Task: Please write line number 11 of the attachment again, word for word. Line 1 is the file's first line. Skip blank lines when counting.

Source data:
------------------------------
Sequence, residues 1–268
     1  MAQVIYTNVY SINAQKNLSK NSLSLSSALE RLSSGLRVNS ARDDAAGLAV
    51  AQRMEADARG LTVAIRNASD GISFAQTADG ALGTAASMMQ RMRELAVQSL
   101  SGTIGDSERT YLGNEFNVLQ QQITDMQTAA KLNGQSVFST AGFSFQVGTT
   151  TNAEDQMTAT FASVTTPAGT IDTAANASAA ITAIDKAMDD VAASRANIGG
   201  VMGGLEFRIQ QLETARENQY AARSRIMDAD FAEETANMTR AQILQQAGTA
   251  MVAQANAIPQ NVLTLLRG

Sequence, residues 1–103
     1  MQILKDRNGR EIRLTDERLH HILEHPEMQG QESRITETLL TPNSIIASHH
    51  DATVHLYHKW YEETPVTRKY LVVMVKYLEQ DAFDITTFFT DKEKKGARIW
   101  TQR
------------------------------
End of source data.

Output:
   101  TQR